You Were Brainwashed Into Thinking Your Spanish Was Bad
when in reality, he is your greatest ally
Ve parte 1
Ve parte 2
viene en 2 días
I think the first thing many English learners hear is, "DO NOT THINK IN SPANISH!"
You are an adult. You are able to recognize patterns better than any child.
You already learned a language. Why not use the language you have already mastered to master another?
From what I've seen or heard, there are two types of people who recommend this harmful advice.
-Johan the know-it-all guru who studied 3 languages in his primary school in Germany
I never translated in my head when I was studying at my trilingual school with my native-speaking teachers. You shoudn't either.
1. People who learned 2 languages as children in bilingual schools or in another country. They may be Latinos or someone from Northern Europe where they require children to learn 3 languages upon graduation.
Sure, they will tell you that you shouldn't think in Spanish. They didn’t have to because they were forced to be surrounded by language. It’s very difficult for you to do the same with your work and / or your studies.
-Esmeralda the English teacher that never learned another language
It's not my methodology that doesn't work, nor the fact that I never learned the language. It's because you translate in your mind!!
2. The second person is the native English speaking teachers (or in other contexts, Spanish speakers who have not mastered English but end up teaching English for some reason).
These people know that you are trying to do something they have never done. You start asking them questions about learning, and they feel like you're putting them on the spot. They start to sweat a little bit, and to avoid the embarrassment of saying they have no idea, they say, "You shouldn't translate!"
When you have problems or doubts about the methodology, instead of taking responsibility, they tell you that you have problems because you translate.
False. The first type of person learned during a different stage of his life and the second never learned. You shouldn't take advice from either one of them.
You're an adult. You should learn like an adult.
Who is an adult and knows how to learn languages?
I guess I'm a polyglot, but not a good one.
So it's better if you listen to other polyglots.
Here’s Luca Lampariello, an Italian who speaks 10 languages fluently, and one of the most respected figures in the polyglot community.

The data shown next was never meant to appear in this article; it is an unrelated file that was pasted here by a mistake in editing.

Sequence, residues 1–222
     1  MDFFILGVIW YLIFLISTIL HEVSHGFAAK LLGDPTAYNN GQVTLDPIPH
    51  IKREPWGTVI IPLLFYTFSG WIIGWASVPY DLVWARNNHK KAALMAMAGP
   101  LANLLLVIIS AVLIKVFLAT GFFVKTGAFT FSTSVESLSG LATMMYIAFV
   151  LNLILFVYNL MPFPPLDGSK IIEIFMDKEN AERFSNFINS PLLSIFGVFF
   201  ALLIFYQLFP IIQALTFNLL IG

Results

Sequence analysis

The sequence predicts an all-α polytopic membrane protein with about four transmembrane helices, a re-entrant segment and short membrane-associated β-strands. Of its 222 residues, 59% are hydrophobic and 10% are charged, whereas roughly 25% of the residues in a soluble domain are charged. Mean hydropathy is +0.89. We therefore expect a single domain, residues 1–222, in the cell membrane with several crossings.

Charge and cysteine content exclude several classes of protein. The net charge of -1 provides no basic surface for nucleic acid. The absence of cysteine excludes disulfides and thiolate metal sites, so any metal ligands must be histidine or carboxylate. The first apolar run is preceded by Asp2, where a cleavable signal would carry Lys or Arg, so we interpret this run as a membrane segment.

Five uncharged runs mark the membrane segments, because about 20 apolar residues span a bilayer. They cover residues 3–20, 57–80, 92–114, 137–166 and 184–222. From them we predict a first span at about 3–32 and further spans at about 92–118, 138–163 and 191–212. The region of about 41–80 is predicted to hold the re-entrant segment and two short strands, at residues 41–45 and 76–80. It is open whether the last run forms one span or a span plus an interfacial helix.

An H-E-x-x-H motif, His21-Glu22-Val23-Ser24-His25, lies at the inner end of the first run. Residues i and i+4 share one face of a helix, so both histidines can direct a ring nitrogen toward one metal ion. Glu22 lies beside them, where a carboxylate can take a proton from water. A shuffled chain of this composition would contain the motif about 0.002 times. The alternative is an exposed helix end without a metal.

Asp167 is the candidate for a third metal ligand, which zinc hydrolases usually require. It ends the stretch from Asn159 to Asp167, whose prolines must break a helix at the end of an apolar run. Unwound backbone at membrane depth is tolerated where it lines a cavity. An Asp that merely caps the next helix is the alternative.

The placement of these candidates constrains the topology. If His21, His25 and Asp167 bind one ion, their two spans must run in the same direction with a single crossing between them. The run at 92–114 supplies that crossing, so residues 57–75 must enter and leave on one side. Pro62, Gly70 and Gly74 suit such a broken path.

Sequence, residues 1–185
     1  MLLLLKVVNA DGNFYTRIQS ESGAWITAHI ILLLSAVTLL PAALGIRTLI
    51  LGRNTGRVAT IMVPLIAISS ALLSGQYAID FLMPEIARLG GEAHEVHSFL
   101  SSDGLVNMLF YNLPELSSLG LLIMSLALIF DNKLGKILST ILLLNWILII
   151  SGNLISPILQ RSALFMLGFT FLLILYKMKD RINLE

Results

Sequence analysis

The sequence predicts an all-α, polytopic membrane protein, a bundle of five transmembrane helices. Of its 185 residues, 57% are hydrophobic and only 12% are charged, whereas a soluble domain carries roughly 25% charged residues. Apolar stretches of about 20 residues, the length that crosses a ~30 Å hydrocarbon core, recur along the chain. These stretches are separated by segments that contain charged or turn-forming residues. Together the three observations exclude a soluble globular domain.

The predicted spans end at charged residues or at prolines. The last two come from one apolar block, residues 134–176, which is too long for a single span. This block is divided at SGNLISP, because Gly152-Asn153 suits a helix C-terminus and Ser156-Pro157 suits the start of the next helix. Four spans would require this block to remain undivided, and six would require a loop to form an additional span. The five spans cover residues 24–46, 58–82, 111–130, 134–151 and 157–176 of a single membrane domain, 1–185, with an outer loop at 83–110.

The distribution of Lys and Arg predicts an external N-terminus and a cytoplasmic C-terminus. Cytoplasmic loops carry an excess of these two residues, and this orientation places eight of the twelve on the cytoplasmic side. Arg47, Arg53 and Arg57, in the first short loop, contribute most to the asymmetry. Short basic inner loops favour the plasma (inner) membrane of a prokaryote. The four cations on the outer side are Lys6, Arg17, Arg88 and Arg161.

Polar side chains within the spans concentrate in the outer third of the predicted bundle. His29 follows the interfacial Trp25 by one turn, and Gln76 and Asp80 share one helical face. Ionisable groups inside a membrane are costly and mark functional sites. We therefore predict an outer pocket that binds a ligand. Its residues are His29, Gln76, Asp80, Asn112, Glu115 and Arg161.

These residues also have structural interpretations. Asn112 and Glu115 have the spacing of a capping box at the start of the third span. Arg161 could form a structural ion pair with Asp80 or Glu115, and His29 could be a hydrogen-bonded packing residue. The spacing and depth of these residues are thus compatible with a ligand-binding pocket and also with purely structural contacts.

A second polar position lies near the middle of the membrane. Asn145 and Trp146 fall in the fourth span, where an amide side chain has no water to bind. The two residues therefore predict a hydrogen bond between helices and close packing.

He gave a 1-hour presentation at a polyglot congress on how to use translation to learn languages faster.
Another polyglot, Alexander Argüelles, speaks more than 30 languages. He has videos on YouTube where he shows how he uses bilingual books to learn languages fast.
And don't think that these people have a special gene. They are regular people just like you and me. The only difference is that they do know how to learn languages.
And if you don’t know, they are adults with real jobs that find time to learn languages. They know they can use translation to learn languages faster.
So who do you want to take advice from?
The person who learned English as a child in a bilingual school, the person who has never learned another language fluently, or someone who learned languages as an adult?
In my own experience, I used Google Translate a lot to help me move faster.
Without the translator, I’m sure I would still be a beginner in Spanish.
What do I do with my students?
I have written dozens of stories for pre-intermediate and intermediate students. Stories that connect the Latin American culture with the Gringo culture.
I have students translate these stories from English to Spanish with the guidance of a bilingual teacher.
You can do something like this alone, but it’s more difficult to recognize the gaps in your English.
Your bilingual teacher's job is to reveal the gaps for you so that you can progress.
So, how would you translate this into Spanish?
He walked into the store since he had to get a few groceries.
Caminó en la tienda desde él tenía que conseguir unos...
I imagine that you translated it like this, but NO!
You have gaps in your English and by learning what you don't know, instead of reviewing what you already know, you will achieve fluency faster and save a lot of money.
How to do this at home?
Take a text in English and try to translate it into Spanish. You can just do this in your mind, or you can make it more powerful by writing the translation down on paper.
Luca does this and then translates his translation a few days later into English or Italian again. Then he compares it to the original English to see how much he remembered.
Not using your Spanish to learn English faster would be a bad idea.
Translating word-for-word from English to Spanish would be a bad idea.
Translating the meaning from English to Spanish is a powerful idea and any language learning expert will tell you the same.
Can you see that your Spanish is not your enemy and can you use it to learn English much faster than without it?
Tomorrow in the next key, you will learn why so many Spanish speakers end up with a strong accent like Sofía Vergara. It is not a bad thing for her, but as you know, it is for you.
You'll receive the link for the training in your email inbox.
I'll see you tomorrow,